The Inseparability of Pricing Strategy and eRetail

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“Having a well-defined pricing strategy has become essential for any e-retailer.”


In an environment with a significant competitive intensity, it would be suicide not paying sufficient attention to the second of the 4Ps. Although pricing policy has always been a key element to the heart of any business strategy, it is seen as increasingly controlled by consumers who develop an active role in defining the price of products or services. The main reason? The growing development of online commerce. The democratization of the internet as a sales platform upsets pricing policies.




A new approach to the internet


As the practice of buying on the internet has started to become commonplace, new factors must be taken into account. This means, that the approach to “e-shopping ” has become different because the parameters of the purchase process are changed.


  • The possibility to buy at any time, day or night, while saving time that you would otherwise lose by physically going to make a purchase, is a considerable advantage that is becoming increasingly appreciated.
  • The slate isn’t blank— it’s full of information allowing prospective customers to find answers to all their questions, as well as offer the possibility to immediately compare different products in just a few clicks.
  • The quantity of choices is immensely greater which modifies the intensity of competition by giving more weight to clients. The partial or total removal of intermediaries between the seller and the buyer reduces screening and also enables cost reduction.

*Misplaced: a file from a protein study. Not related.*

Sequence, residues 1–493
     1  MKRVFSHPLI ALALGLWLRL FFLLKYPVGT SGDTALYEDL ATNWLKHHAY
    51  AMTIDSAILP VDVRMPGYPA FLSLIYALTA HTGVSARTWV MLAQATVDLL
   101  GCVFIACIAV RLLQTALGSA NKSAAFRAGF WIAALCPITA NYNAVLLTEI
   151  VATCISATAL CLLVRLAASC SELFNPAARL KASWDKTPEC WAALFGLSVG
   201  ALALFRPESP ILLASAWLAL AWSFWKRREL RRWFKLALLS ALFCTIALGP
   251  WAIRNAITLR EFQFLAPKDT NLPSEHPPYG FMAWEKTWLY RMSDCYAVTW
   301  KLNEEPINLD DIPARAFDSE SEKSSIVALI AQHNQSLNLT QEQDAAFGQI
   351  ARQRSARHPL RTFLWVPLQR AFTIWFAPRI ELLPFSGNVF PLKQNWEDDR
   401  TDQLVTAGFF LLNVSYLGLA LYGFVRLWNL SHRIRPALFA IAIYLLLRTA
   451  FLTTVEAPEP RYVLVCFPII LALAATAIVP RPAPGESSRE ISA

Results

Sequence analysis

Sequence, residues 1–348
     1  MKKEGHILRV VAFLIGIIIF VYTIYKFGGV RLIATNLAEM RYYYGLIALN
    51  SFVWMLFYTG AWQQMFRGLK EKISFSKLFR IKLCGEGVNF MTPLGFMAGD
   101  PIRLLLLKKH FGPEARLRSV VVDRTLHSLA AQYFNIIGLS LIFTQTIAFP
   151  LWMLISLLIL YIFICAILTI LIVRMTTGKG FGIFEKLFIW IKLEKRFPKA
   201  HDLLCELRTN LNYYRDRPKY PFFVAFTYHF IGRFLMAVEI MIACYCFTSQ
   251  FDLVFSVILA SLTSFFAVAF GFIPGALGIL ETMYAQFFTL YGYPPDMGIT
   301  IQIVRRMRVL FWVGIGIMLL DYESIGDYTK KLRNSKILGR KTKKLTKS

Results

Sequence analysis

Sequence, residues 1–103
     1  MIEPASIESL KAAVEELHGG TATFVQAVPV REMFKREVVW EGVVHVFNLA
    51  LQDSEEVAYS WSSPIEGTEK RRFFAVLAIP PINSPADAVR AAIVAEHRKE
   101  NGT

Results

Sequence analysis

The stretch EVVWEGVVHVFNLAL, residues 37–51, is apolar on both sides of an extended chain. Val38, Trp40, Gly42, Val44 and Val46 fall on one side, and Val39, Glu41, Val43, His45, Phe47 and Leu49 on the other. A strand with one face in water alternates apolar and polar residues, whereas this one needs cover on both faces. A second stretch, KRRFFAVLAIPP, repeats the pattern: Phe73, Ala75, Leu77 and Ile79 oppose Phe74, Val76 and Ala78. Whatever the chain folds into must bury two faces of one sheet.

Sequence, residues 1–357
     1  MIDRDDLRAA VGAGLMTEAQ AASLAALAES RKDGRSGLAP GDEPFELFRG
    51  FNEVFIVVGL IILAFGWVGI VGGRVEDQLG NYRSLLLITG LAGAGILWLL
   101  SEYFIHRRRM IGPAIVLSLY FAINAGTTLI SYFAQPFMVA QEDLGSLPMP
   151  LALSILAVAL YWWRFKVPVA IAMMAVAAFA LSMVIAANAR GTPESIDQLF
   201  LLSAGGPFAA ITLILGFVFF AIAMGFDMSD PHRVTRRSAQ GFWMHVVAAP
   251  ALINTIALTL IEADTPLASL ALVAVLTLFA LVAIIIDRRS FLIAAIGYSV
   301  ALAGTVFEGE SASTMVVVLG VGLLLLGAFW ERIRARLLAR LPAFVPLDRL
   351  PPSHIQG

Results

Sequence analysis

• The partial or total removal of intermediaries between the seller and the buyer reduces the screen effect and enables cost reduction.

However, new obstacles to the purchase have emerged (compatibility of web browsers, authorized payment by credit card, fear of digital purchase, etc.) making it necessary for additional services.




E-commerce and Price


Kambil and Van Heck (2002) identified two types of buyers: the “Bargain Hunters” and the “Gamblers”. The first will always seek the cheapest option by skipping over delivery times or other aspects. On the other hand, Gamblers are looking for the thrill of the auction (on eBay, for example), despite the curse of gaining an extra cost, as from time to time they end up paying more than the norm.


Fixed Dynamics

The changes that have occurred have also created new pricing strategies— called “dynamic”— as opposed to their counterpart “fixed” strategies. Dynamic pricing strategies promote interactivity and flexibility. Changing the product prices is done in a few clicks without incurring costs. Online auctions (up or down) appropriately demonstrate that prices are malleable.

Dynamic pricing brings many benefits such as:


  • Inventory Optimization
  • Segmentation by consumer based on previous purchases, its geographical area or frequency of purchases, so the seller knows when to offer the right product at the right time. The information that e-retailers now have allows them to establish a flexible pricing strategy.
  • offering the right product at the right time and the right price.

The information that e-retailers now hold allow them to implement a flexible and well-adapted pricing strategy.


Marketing Techniques: Playing with the Price

It is not new that companies like to shape their prices to encourage buying . Obviously this is not the internet that will make exception. Some existing shares before the web but who find themselves sublimated by the media: